Professor Brebbia then proceeded to introduce his Co-Chairman, Professor Santiago Hernandez, who has collaborated with WIT for a long time. Professor Hernandez is a member of the Board of Directors of WIT and, in addition to this conference, has been actively involved with many of the Institute’s activities.
Professor Hernandez opened the conference with a keynote address discussing the case of optimization of large problems with reference to aerospace applications. He started by discussing the formulation of optimisation problems which depends on the type of objective function under consideration.
Optimisation has progressed considerably since 1960 when Schmit presented his paper on a three bar problem. In 2009, many optimisation problems routinely require the use of large computer capabilities. The case of the Messina Strait Bridge, analysed by Professor Hernandez’s group, for instance, requires working with many degrees of freedom to find an optimal solution for the deck. Any savings in such a project has of course important economic consequences. Reducing the thickness of the deck by 1mm, for instance, represents a saving of €6 million.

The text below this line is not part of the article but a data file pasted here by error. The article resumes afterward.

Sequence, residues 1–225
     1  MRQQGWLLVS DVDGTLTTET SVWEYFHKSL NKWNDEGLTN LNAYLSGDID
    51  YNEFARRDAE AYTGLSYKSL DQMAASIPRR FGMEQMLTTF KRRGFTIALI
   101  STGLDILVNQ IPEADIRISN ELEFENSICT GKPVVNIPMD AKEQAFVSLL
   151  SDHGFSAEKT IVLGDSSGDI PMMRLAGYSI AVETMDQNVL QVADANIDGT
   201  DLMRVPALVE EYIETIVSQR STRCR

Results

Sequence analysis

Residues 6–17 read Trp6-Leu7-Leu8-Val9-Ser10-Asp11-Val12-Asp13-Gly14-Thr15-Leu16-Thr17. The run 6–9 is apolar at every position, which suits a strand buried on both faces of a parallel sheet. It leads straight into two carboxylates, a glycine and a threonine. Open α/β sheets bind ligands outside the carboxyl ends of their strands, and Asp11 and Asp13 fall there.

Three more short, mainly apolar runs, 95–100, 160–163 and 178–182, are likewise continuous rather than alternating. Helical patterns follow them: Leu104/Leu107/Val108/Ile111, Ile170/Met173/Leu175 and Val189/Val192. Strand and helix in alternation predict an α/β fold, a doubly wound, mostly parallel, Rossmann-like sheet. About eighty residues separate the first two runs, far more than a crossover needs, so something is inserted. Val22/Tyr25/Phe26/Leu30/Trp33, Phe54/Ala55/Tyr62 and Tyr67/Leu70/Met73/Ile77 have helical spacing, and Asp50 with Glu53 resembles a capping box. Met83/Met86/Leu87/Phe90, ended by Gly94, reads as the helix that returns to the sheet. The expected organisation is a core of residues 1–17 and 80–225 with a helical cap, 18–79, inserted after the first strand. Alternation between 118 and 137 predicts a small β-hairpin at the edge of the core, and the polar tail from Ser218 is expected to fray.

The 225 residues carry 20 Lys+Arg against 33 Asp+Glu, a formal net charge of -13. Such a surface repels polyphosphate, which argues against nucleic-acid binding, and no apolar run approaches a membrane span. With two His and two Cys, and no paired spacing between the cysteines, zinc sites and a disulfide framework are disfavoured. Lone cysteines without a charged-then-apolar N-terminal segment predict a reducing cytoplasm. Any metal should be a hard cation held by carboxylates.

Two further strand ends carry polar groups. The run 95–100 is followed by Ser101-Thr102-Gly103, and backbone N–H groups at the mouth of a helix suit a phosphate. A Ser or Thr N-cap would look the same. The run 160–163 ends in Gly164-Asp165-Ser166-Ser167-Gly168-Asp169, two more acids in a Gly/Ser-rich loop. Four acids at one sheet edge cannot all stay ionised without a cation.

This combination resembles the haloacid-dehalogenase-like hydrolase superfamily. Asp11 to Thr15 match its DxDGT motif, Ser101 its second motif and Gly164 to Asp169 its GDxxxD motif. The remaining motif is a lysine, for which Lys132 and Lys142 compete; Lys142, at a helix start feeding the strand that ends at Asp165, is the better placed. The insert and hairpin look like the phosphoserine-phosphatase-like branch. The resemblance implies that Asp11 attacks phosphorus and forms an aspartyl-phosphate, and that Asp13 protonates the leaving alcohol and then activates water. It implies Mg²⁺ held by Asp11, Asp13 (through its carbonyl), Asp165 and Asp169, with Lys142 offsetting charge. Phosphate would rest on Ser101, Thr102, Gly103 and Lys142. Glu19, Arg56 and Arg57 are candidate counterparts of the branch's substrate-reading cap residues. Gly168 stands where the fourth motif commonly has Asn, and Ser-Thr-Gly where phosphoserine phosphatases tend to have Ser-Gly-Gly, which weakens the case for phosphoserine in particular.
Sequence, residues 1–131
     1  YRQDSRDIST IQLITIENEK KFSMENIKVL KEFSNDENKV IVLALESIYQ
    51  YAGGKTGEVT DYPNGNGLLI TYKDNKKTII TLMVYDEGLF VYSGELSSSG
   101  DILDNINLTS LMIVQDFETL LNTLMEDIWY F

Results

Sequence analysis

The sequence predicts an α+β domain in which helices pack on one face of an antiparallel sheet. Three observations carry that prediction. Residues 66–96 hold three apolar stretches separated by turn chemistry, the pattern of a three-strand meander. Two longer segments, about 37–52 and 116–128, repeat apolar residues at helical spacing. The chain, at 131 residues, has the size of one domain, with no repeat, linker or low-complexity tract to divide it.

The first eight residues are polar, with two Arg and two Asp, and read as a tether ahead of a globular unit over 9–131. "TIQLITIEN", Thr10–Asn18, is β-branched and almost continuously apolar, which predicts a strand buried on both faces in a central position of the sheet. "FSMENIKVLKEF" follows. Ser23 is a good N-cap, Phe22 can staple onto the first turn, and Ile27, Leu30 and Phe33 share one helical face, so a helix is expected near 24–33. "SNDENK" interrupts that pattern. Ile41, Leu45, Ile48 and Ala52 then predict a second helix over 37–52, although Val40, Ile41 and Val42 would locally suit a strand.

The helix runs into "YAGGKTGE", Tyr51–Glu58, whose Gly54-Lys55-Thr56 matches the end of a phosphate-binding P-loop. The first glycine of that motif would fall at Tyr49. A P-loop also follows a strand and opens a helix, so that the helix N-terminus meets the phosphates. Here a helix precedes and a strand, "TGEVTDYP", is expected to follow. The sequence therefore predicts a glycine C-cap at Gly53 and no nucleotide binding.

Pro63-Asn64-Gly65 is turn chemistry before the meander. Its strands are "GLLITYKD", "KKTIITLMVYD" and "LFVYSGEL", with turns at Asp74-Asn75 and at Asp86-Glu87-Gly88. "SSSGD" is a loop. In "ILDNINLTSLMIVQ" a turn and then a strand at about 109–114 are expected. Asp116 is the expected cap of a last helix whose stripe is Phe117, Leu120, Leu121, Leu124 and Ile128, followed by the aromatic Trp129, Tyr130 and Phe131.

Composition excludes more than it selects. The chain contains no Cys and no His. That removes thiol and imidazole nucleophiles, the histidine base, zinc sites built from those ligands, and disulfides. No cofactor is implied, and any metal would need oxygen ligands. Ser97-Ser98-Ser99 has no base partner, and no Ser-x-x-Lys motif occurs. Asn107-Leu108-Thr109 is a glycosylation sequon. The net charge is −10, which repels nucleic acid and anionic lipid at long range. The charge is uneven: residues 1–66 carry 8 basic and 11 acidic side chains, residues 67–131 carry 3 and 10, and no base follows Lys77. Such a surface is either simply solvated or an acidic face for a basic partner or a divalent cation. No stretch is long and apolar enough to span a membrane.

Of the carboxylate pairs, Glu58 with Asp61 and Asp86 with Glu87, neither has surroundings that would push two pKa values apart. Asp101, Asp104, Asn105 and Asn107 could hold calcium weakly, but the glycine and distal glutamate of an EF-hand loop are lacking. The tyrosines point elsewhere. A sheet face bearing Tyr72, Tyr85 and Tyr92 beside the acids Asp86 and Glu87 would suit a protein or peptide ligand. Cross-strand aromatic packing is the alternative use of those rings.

Another application of optimization by Professor Hernandez’s group has been for the tail section of the new A350 aircraft. This problem has 50,000 design variables.
Professor Hernandez reviewed the different ways in which large optimisation problems can be formulated, such as deterministic or reliability based optimisation.
The aim of his group’s work is to produce highly optimised design, a good understanding of the behaviour of aircraft structures, impact on the design material, and experience of performance of computer clusters. All of these are important conditions for the evolution of optimisation techniques since the pioneering work of Schmit in the 1960s.
Conference SessionsThe conference included papers dealing with algorithms while others described innovative design optimisation formulations applied in several engineering fields, including practical applications in industrial problems.